The present excitement is the wood which Coste is having put in. Loads keep coming in queer, heavy carts drawn by four horses each, and two men to work the machine. Two men chop the great oak stumps, and a woman puts it in down cellar by the armful. The men get two francs a day,–forty cents! (Wouldn't our $3 a day workmen howl at that sort of wages!) When several carts arrive at once the place is a lively scene. Just now there were three carts and twelve horses, and eight were all up in a snarl, while half-a-dozen 228 ladies stood at their doors and gave advice. One had a half-dressed baby in her arms; one a lettuce she was washing; another her distaff; and a fourth her little bowl of soup, which she ate at on the sidewalk, in the intervals gesticulating so frantically that her sabots rattled on the stones. The horses had a free fight, and the man couldn't seem to manage one big one, who romped about like a wild elephant, till the lady with the baby suddenly set the half-naked cherub on the doorsteps, charged in among the rampant beasts, and, by some magic howl or jerk, brought the bad horse to order, when she quietly returned to her baby, who had sat placidly eating dirt, and with a calm Voilà, messieurs, she skipped little Jean into his shirt, and the men sat down to smoke.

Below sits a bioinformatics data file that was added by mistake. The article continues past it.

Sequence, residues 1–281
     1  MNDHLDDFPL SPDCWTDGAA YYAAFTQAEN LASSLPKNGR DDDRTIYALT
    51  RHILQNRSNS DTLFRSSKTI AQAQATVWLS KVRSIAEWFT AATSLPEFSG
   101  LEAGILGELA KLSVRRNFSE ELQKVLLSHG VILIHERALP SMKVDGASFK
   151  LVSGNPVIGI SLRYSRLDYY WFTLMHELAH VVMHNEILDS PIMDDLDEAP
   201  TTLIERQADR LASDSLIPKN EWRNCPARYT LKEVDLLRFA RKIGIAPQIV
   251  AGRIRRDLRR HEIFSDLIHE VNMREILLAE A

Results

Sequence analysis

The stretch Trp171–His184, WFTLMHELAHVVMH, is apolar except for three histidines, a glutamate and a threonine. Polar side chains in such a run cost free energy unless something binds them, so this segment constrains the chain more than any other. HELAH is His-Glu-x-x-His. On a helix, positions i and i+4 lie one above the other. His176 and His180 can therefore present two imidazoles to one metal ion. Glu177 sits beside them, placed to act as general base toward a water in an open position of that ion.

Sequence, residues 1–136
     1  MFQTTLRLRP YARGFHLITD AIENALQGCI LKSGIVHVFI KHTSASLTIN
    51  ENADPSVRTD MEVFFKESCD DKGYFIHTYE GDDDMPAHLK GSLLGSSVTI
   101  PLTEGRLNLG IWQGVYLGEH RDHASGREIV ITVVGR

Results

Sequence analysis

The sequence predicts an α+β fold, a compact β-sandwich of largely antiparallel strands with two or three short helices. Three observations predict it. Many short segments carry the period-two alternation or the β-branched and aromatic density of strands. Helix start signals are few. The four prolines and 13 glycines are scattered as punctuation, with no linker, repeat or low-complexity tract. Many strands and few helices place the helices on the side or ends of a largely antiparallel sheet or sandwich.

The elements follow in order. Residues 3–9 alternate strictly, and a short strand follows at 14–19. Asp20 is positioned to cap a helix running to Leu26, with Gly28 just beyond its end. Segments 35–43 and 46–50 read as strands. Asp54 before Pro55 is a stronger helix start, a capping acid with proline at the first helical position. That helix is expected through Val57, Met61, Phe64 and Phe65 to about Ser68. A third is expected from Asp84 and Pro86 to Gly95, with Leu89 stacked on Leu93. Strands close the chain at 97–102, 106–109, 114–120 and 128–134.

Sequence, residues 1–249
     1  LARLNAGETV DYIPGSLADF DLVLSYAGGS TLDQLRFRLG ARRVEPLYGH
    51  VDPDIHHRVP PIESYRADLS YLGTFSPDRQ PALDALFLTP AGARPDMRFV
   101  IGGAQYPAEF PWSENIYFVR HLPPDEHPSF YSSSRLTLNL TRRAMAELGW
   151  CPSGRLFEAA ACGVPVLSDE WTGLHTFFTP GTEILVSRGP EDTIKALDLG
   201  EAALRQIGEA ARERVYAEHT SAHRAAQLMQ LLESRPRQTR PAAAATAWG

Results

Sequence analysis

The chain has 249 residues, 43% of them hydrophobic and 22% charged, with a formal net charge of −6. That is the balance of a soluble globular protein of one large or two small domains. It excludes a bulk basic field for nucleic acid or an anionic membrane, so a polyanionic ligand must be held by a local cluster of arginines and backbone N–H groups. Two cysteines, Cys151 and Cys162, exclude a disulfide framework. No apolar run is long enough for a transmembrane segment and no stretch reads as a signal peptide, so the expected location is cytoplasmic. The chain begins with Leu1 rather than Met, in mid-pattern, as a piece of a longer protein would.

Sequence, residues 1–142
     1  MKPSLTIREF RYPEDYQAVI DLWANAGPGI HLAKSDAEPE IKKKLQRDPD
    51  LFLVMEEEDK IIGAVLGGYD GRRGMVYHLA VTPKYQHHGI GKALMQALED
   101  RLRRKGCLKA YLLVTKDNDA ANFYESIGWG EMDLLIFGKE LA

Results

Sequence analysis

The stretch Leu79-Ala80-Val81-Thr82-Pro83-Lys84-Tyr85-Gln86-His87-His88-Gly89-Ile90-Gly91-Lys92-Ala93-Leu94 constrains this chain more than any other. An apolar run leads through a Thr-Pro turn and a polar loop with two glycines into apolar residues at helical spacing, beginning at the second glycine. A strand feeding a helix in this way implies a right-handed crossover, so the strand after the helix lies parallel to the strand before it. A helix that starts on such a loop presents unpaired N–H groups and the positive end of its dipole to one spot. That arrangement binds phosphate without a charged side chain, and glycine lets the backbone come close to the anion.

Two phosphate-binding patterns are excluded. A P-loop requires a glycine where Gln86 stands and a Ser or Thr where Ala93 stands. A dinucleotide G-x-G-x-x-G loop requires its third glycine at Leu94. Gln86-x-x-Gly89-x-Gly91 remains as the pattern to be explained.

We are now in great excitement over Gaston, who has lately become so very amiable that we don't know him. We began by letting the spoiled child severely alone. This treatment worked well, and now he offers us things at table, bows when we enter, and to-day presented us with green tulips, violet shrubs, and queer medals all round. We have let little bits of news leak out about us, and they think we are dukes and duchesses in Amérique, and pronounce us très spirituelles; très charmantes; très seductives femmes. We laugh in private, and are used to having the entire company rise when we enter, and embrace us with ardor, listen with uplifted hands and shrieks of mon Dieu! grand ciel! etc., to all remarks, and point us out in public as les dames Américaines. Such is fame!